A local author and teacher at Middlebury College has published her third book of stories, ‘How Strange a Season’, continuing her exploration of women and their interactions with nature and the world.
“Megan Mayhew Bergman is one of the finest authors for chronicling our tangled, intimate, and complicated relationship with the natural world; her elegant, lyrical prose documents an evolving crisis and our incorrigibly human responses to it,” said one. review published by Literary Hub.
On Tuesday, Bergman spoke ahead of an appearance at a tornado-threatened bookstore in South Carolina. Married to a well-known veterinarian who practices in Bennington County, Bo Bergman, the author, originally from North Carolina, lives on a farm with their two daughters and teaches literature and environmental studies in Middlebury, having spent time teaching literature at Bennington College. .
Bergman acknowledged the discrepancy between “How Strange a Season,” released about a week ago, and “Almost Famous Women,” released in January 2015.
She said much of the time was spent being a mother to her daughters, but also noted her work at Vermont colleges where she taught and a detour into environmental journalism. For a while, it was “what got me to the page”.
Bergman pointed out that “How Strange a Season” includes “Indigo Run,” a short story that is one of its longest stories, but said the stories in the book developed into works with a common theme. “They all felt cohesive in some way because they really revolved around the idea of problematic legacy and it sounded like a lot of things I had thought about in terms of family and social time in which we were and culturally, the environment when we were. It all kind of came together that way,” she said.
“Indigo Run” is a piece that Bergman said she worked on for five to six years, but she said much of what she’s been writing during the pandemic, when she’s also been teaching remotely and responding to distance education needs of her daughters, was environmental journalism.
One of Vermont’s best-known environmental writers and fellow instructor at Middlebury College, Bill McKibben, praised his work via email Wednesday.
“Megan’s work is truly remarkable – and a lot of it is grounded in her confident handling of the natural world, something that doesn’t come easily to enough writers of fiction. We are very lucky to have him in Vermont and in Middlebury – his new book is causing a stir as soon as it comes out, but I think it will last just as long in people’s hearts and minds,” he said. . Other stories in the new book came from what Bergman called a “short story writing spree.”
“I could suddenly feel the way they were in conversation with the novella and I was like, ‘OK, well, this is a different kind of book.’ Amy Hempel put one out a few years ago but it’s kind of a rare hybrid form but I could just feel the way the ideas worked I knew that at least for me artistically it was interesting and consistent,” she said.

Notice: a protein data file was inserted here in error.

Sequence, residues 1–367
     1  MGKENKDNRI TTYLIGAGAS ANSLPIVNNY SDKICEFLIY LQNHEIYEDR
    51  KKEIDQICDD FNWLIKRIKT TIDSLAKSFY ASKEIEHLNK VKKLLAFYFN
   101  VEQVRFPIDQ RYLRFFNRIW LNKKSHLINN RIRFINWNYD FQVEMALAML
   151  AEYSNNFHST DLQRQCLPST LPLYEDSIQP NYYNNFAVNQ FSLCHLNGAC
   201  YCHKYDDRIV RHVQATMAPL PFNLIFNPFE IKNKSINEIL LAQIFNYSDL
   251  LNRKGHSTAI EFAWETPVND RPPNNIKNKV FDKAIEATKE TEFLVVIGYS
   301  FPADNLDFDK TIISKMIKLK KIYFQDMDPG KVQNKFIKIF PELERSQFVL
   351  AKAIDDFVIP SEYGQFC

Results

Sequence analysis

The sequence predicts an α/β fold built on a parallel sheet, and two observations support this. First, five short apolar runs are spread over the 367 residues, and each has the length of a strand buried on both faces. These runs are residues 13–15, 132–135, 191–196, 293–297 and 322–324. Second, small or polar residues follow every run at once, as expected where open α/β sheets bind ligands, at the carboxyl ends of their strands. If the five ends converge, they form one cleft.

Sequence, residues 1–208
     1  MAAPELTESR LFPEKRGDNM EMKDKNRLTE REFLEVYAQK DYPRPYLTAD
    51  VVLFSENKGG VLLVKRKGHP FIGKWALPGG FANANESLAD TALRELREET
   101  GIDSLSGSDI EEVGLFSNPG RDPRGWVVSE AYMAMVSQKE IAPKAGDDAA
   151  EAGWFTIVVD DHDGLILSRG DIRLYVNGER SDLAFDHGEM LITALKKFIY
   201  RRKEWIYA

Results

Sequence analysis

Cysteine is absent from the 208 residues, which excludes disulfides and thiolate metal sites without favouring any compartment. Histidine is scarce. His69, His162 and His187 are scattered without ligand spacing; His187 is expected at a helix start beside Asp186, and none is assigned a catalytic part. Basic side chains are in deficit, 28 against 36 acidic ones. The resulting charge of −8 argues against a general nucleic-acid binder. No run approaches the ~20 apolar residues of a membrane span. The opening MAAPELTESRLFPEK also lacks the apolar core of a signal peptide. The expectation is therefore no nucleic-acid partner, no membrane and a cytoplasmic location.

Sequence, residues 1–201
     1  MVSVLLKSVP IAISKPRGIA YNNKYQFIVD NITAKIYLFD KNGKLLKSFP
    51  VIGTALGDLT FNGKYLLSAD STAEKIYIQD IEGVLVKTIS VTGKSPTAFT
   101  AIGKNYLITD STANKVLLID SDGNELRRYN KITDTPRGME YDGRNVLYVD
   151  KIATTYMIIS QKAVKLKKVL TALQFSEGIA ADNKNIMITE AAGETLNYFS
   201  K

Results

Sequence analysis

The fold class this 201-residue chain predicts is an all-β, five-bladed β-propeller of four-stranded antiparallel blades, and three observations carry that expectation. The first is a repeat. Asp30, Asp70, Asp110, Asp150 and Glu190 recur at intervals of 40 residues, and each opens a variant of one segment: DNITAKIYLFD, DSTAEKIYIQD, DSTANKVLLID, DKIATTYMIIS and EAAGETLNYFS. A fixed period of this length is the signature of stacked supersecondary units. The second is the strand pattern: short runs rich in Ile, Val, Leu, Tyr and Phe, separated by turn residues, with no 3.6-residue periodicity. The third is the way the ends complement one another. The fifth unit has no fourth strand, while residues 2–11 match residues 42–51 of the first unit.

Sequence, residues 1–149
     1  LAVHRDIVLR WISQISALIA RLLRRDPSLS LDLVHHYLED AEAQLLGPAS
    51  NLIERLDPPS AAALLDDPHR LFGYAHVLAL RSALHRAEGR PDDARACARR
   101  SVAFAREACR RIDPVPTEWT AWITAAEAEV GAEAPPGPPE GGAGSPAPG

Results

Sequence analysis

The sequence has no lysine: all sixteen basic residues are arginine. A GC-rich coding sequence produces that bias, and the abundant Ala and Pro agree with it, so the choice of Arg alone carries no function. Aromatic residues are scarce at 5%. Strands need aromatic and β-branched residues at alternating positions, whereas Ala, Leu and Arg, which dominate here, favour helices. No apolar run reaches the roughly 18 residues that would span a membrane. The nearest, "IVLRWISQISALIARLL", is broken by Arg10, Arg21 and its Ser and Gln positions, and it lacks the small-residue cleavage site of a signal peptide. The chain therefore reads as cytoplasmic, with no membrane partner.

Bennington College faculty member Hempel called “How Strange a Season” a “magnificent collection” and noted that the stories were about “strong women or women on the way to becoming strong.”
While Bergman says she tries to feel compassion for the young writer who came before her, she noted that her first collection, “Birds of a Lesser Paradise,” which she says she now regards as ” really vulnerable and honest,” was written when she was still a college student and a young mom. She said she was grateful for how the book, which was chosen by Oprah Magazine as a “Must Read for March” in 2012, changed her life.
“Almost Famous Women” was written when Bergman was in her thirties and waking up to feminism.
“With this book, (“How Strange a Season”), the thing that I like to feel and know now, in which I am in a few books, is that my thinking grows, and therefore my writing grows. My experience, I think, as a human being and my ability to put humanity on the page or landscapes on the page or complexity on the page, I know I’m a better writer now. I love the feeling of growing up and I hope it continues,” she said.
Readers of the book will experience an exploration of the South Coast, which Bergman described as “the landscape where my imagination was forged and thrived.”
She said readers will also find stories that deal with the tension between the natural world and social issues.
“I think the book also has a streak of dark humor, a way of (saying) ‘That’s how it goes. The world is ending and we are buying yoga pants online,” she said.
The author expects his next book to be about the International Sweethearts of Rhythm, the first racially-integrated all-female swing band whose members toured the South during the Jim Crow era as men were at war. This will be Bergman’s first non-fiction book, and she said she has been researching the subject for about 12 years.
“Finally, I had so much knowledge, and had befriended the last living member, Ros Cron, who died in her 90s during the pandemic, that I finally decided I couldn’t let this pass. story, or she wouldn’t let it go. I’m going, and I decided to write it,” she said.
Rosalind “Roz” Cron, alto saxophonist, died in February 2021. She was 95.
Bergman is online at mayhewbergman.com which includes information about his books and tour appearances.